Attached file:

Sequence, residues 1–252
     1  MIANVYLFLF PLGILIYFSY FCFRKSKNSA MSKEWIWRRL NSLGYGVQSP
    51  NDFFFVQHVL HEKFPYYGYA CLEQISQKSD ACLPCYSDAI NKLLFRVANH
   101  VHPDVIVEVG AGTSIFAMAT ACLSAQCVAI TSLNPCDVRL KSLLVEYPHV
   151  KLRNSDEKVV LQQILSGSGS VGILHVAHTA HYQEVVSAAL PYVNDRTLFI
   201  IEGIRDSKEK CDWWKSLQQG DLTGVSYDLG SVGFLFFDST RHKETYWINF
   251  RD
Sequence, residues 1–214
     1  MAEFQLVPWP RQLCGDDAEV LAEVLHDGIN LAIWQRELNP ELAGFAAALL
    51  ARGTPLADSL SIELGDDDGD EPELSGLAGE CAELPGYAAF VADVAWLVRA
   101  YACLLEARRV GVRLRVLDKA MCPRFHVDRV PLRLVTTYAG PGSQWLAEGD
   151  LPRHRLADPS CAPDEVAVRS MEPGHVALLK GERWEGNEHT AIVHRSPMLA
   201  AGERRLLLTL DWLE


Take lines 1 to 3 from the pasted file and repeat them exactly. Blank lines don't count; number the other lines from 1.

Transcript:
Sequence, residues 1–252
     1  MIANVYLFLF PLGILIYFSY FCFRKSKNSA MSKEWIWRRL NSLGYGVQSP
    51  NDFFFVQHVL HEKFPYYGYA CLEQISQKSD ACLPCYSDAI NKLLFRVANH